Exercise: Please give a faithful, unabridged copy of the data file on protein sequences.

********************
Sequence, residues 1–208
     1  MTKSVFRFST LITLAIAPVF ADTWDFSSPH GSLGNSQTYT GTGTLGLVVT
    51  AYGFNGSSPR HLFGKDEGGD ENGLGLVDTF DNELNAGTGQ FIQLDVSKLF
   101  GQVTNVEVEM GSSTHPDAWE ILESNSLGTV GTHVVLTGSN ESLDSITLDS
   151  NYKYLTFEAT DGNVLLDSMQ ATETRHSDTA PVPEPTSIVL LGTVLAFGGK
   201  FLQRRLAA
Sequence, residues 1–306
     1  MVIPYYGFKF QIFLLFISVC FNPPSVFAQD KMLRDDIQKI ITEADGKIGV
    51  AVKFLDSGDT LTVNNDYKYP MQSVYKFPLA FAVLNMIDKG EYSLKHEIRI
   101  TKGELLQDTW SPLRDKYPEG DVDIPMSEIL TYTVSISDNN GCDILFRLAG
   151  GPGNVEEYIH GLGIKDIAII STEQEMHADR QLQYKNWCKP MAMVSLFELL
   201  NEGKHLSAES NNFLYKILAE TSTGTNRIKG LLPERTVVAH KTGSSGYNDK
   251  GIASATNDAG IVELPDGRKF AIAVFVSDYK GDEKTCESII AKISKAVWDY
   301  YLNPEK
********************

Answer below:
Sequence, residues 1–208
     1  MTKSVFRFST LITLAIAPVF ADTWDFSSPH GSLGNSQTYT GTGTLGLVVT
    51  AYGFNGSSPR HLFGKDEGGD ENGLGLVDTF DNELNAGTGQ FIQLDVSKLF
   101  GQVTNVEVEM GSSTHPDAWE ILESNSLGTV GTHVVLTGSN ESLDSITLDS
   151  NYKYLTFEAT DGNVLLDSMQ ATETRHSDTA PVPEPTSIVL LGTVLAFGGK
   201  FLQRRLAA
Sequence, residues 1–306
     1  MVIPYYGFKF QIFLLFISVC FNPPSVFAQD KMLRDDIQKI ITEADGKIGV
    51  AVKFLDSGDT LTVNNDYKYP MQSVYKFPLA FAVLNMIDKG EYSLKHEIRI
   101  TKGELLQDTW SPLRDKYPEG DVDIPMSEIL TYTVSISDNN GCDILFRLAG
   151  GPGNVEEYIH GLGIKDIAII STEQEMHADR QLQYKNWCKP MAMVSLFELL
   201  NEGKHLSAES NNFLYKILAE TSTGTNRIKG LLPERTVVAH KTGSSGYNDK
   251  GIASATNDAG IVELPDGRKF AIAVFVSDYK GDEKTCESII AKISKAVWDY
   301  YLNPEK